Home Health Adelaide Uni scientists develop program to spot breast cancer
Gabriel Maicas Suso: "Our research shows that this unique approach is 1.78 times faster in finding a lesion than existing methods of detecting breast cancer." Gabriel Maicas Suso: "Our research shows that this unique approach is 1.78 times faster in finding a lesion than existing methods of detecting breast cancer." Supplied

A fully-automated program to analyse medical images with the aim of detecting breast tumours is being developed by researchers from the University of Adelaide's Australian Institute for Machine Learning.

A statement from the University said the program, along with an MRI scan, could use artificial intelligence and use the traversal movement and style of a retro video game to examine the breast area.

The program was developed by doctoral candidate Gabriel Maicas Suso and Associate Professor Gustavo Carneiro.

“Just as [the] vintage video game Tetris manipulated geometric shapes to fit a space, this program uses a green square to navigate and search over the breast image to locate lesions. The square changes to red in colour if a lesion is detected,” said Maicas Suso.

“Our research shows that this unique approach is 1.78 times faster in finding a lesion than existing methods of detecting breast cancer, and the results are just as accurate."

Maicas Suso and Carneiro "created the program by applying deep reinforcement learning methods, a form of artificial intelligence that enables computers and machines to learn how to do complex tasks without being programmed by humans. As a result, the program can independently analyse breast tissue", the statement said.

Both succeeded in training the program using a relatively small amount of data - a critical challenge in medical imaging.

“By incorporating machine learning into medical imaging analysis, we have developed a program that intuitively locates lesions quickly and accurately,” said Carneiro.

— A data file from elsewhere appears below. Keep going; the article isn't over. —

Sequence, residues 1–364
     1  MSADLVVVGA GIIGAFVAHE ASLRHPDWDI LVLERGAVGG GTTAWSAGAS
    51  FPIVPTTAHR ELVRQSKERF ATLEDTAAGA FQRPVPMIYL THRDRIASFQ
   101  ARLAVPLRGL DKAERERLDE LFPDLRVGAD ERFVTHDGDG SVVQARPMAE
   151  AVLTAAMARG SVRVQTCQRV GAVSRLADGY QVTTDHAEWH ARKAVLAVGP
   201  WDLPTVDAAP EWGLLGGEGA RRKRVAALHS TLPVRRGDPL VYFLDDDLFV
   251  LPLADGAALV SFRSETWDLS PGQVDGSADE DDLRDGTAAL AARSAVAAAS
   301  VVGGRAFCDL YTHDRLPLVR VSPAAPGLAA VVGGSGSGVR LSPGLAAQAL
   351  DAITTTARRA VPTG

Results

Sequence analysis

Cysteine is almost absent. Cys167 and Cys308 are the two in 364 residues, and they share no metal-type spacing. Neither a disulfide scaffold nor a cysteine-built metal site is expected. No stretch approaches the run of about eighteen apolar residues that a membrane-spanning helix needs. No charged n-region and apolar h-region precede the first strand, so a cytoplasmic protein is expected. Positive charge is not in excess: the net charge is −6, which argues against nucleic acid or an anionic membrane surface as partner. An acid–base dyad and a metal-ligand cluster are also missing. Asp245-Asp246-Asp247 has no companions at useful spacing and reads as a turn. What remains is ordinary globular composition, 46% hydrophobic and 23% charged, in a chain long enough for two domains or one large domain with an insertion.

“More research is needed before the program could be used clinically. Our ultimate aim is for this detection method to be used by radiologists to complement, support and assist their important work in making a precise and quick prognosis.

“Artificial intelligence has an important role to play in the imaging medical field, the potential to use AI in this field is boundless."

47 REASONS TO ATTEND YOW! 2018

With 4 keynotes + 33 talks + 10 in-depth workshops from world-class speakers, YOW! is your chance to learn more about the latest software trends, practices and technologies and interact with many of the people who created them.

Speakers this year include Anita Sengupta (Rocket Scientist and Sr. VP Engineering at Hyperloop One), Brendan Gregg (Sr. Performance Architect Netflix), Jessica Kerr (Developer, Speaker, Writer and Lead Engineer at Atomist) and Kent Beck (Author Extreme Programming, Test Driven Development).

YOW! 2018 is a great place to network with the best and brightest software developers in Australia. You’ll be amazed by the great ideas (and perhaps great talent) you’ll take back to the office!

Register now for YOW! Conference

· Sydney 29-30 November
· Brisbane 3-4 December
· Melbourne 6-7 December

Register now for YOW! Workshops

· Sydney 27-28 November
· Melbourne 4-5 December

REGISTER NOW!

LEARN HOW TO REDUCE YOUR RISK OF A CYBER ATTACK

Australia is a cyber espionage hot spot.

As we automate, script and move to the cloud, more and more businesses are reliant on infrastructure that has the high potential to be exposed to risk.

It only takes one awry email to expose an accounts’ payable process, and for cyber attackers to cost a business thousands of dollars.

In the free white paper ‘6 Steps to Improve your Business Cyber Security’ you’ll learn some simple steps you should be taking to prevent devastating and malicious cyber attacks from destroying your business.

Cyber security can no longer be ignored, in this white paper you’ll learn:

· How does business security get breached?
· What can it cost to get it wrong?
· 6 actionable tips

DOWNLOAD NOW!

Sam Varghese

website statistics

Sam Varghese has been writing for iTWire since 2006, a year after the sitecame into existence. For nearly a decade thereafter, he wrote mostly about free and open source software, based on his own use of this genre of software. Since May 2016, he has been writing across many areas of technology. He has been a journalist for nearly 40 years in India (Indian Express and Deccan Herald), the UAE (Khaleej Times) and Australia (Daily Commercial News (now defunct) and The Age). His personal blog is titled Irregular Expression.

 

Popular News

 

Telecommunications

 

Sponsored News

 

 

 

 

Connect